German Alphabet

German Alphabet

Although the diacritic letters represent distinct sounds in German phonology, they are almost universally not considered to be part of the alphabet. Almost all German speakers consider the alphabet to have the 26 cardinal letters above and will name only those when asked to say the alphabet.

The diacritic letters ä, ö and ü are used to indicate the presence of umlauts (frontalizations of back vowels). Before the introduction of the printing press, frontalization was indicated by placing an e after the back vowel to be modified, but German printers developed the space-saving typographical convention of replacing the full e with a small version placed above the vowel to be modified. In German Kurrent writing, the superscripted e was simplified to two vertical dashes, which have degenerated to dots in both handwriting and German typesetting. Although the two dots look like those in the diaeresis (trema) diacritical marking, a distinction should be made between umlaut and diaeresis because the two have different functions.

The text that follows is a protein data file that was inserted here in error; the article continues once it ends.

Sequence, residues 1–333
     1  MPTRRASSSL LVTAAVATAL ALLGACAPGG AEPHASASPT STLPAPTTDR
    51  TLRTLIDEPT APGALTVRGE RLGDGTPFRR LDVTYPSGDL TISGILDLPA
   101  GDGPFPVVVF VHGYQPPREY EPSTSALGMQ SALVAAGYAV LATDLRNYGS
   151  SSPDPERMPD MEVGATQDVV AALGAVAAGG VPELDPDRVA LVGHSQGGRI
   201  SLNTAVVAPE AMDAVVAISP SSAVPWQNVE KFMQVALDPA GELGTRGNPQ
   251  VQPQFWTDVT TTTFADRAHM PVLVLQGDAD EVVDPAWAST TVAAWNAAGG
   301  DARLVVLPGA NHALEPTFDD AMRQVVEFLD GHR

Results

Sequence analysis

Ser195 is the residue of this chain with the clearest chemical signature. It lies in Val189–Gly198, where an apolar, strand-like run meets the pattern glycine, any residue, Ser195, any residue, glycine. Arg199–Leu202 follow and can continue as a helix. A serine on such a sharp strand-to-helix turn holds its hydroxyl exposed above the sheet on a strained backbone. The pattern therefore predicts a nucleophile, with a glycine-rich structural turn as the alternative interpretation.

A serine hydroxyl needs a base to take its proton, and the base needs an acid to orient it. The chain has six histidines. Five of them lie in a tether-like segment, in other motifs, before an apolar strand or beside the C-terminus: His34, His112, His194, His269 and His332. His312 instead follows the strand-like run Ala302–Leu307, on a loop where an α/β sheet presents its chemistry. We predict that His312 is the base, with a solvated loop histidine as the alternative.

German Alphabet